For as long as you grant the premise of its increasingly-absurd plot, Max will be one of the most intense and harrowing PG family film around – that could last an hour maybe,or minutes. A soldier’s death, a friend’s betrayal, a loyal canine in the crosshairs, a Mexican cartel, rocket launchers, and a fair amount of dog-fighting make up this patriotic adventure from Boaz Yakin that follows a four-legged war veteran on his life back in the homeland.
Max appropriates the existence and endurance of canine soldiers, using the titular Belgian Malinois to tell a generic story that covers a wide range of emotions, both genuine and artificial. When his handler Kyle (Robbie Amell) is killed in a firefight in Afghanistan, Max returns home and is distraught. Suffering post traumatic stress and the death of his best friend and comrade, Max loses control and is sentenced to be put down.
Enter Kyle’s rebellious and closed-off younger brother Justin (Josh Wiggins), whose familial bond apparently endears him to Max. The son of blue-collar parents (Thomas Haden Church, Lauren Graham) living in heartland America, where flags fly and everyone owns a gun, Justin rides his bike through the woods with his friends and copies video games illegally in his spare time. His father, a Gulf War veteran who runs a storage facility, would rather his should earn a living.
Of course as Justin gets to know Max, and in turn his best friend’s cousin Carmen (Ma Xitlali) who (of course) knows a thing or two about pets, Justin slowly becomes warmer and more mature.
That’s not enough though for this family adventure, which seems to want to bill itself as something simpler, more intimate that outlandish summer blockbuster fare, but instead falls into the same traps. An elaborate story unravels preposterously involving Kyle’s deceitful friend, a local violent miscreant, and a plot to sell weapons. It’s not enough that maybe Max is violent and that Justin and his father don’t get along – we need to put them all together in the woods of this southern town and have chases, gun shots, and fighting.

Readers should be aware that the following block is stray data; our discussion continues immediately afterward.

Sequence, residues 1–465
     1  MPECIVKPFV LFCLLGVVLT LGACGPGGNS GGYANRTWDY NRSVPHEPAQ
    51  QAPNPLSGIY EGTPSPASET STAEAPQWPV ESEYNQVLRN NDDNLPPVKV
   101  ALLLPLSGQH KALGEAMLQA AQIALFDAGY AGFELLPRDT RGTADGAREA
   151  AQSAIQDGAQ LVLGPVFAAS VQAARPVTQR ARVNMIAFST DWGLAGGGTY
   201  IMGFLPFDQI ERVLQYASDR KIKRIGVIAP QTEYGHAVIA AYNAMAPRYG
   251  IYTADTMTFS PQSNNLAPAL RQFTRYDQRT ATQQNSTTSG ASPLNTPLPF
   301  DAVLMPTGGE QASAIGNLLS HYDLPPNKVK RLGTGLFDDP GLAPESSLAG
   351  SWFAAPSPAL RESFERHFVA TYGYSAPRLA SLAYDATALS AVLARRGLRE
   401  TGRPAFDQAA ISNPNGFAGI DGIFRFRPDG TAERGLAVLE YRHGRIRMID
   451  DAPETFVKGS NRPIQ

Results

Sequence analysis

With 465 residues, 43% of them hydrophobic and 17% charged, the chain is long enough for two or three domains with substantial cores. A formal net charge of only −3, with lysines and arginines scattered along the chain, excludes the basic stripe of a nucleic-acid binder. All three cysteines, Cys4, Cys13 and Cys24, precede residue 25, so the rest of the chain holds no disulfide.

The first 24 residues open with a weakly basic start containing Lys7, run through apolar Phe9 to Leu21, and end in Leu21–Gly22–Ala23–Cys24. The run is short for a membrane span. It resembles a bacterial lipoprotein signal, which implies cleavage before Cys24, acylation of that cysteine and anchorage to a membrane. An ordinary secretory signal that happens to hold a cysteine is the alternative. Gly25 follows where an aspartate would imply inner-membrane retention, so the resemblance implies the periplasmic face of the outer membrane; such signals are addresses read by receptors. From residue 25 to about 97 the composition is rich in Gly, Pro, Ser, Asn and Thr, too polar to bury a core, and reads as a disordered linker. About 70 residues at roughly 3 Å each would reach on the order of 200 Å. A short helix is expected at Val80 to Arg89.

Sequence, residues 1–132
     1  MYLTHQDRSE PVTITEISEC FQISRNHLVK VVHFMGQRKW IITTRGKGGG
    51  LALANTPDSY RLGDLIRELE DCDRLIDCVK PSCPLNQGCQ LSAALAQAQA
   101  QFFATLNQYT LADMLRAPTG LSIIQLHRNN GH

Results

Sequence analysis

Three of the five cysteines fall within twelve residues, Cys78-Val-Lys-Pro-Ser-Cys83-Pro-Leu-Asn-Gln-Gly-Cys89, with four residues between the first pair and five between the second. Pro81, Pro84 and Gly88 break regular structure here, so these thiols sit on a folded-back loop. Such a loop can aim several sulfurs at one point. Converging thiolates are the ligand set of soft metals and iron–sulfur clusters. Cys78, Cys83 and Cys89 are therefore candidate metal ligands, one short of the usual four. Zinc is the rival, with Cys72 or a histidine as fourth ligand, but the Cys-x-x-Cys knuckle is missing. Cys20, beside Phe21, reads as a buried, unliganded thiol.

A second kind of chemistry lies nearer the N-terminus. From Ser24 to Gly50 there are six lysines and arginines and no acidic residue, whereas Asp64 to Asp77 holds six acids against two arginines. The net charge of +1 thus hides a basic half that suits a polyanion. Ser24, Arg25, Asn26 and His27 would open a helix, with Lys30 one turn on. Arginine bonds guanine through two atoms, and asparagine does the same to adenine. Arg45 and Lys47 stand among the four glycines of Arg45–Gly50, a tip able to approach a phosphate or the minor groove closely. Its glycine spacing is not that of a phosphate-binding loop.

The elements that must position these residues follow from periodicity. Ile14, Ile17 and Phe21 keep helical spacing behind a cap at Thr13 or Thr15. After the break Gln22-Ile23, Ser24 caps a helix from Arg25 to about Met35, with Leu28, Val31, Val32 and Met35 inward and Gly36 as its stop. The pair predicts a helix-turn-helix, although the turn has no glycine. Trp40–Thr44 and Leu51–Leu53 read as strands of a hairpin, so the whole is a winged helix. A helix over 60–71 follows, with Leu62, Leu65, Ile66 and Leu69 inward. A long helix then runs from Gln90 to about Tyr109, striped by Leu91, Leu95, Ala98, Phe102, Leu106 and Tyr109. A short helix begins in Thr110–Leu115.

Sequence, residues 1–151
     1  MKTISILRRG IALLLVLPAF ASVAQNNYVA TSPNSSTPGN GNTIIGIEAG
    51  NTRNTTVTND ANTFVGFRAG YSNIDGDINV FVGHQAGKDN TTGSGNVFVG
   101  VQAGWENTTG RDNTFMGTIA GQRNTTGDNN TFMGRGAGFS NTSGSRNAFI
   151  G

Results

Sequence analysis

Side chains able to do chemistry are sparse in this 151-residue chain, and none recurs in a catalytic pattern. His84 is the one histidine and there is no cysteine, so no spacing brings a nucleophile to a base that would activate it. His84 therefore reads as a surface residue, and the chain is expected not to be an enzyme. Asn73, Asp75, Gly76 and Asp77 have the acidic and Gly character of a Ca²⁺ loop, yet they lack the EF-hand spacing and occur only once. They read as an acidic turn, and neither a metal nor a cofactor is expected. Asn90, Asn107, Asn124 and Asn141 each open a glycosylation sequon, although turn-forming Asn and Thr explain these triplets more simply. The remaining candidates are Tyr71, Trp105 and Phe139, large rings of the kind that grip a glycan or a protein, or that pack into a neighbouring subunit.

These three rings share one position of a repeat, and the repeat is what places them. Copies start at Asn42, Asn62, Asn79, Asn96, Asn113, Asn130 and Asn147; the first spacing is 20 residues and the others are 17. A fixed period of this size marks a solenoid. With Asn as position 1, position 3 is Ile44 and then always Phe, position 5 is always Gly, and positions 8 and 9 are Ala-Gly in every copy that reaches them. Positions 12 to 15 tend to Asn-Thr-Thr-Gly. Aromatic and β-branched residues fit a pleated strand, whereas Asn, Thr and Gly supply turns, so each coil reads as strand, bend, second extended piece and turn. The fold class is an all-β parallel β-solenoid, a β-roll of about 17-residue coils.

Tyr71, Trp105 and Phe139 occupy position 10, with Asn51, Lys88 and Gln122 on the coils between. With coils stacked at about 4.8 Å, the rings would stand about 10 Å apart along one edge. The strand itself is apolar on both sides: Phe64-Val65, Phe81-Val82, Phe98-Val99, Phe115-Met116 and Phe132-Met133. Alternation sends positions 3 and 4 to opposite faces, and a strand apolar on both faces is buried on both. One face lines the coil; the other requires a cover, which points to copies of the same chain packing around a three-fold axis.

Max loses its welcoming and soft nature in a third act that becomes far too outrageous, but any moment where you stop and think about what’s going on – that a group of kids on BMX bikes and a dog are doing battle against a violent gang – you’re taken out of everything.
Still, it’s hard to watch an expressive dog on screen and not feel a little bit of something. Maybe it’s a bit of alarm that naturally, inherently, audiences will care more about his well-being than that of any of the human characters, but maybe it’s just unapologetic embrace. Regardless, Max runs as a potent and educational film; parents can explain the nature of life and death, the raw panic and fear held inside humans, and the need for movie studios to sacrifice nuance and thought in the service of clichés, nonsensical action, and patriotic pandering.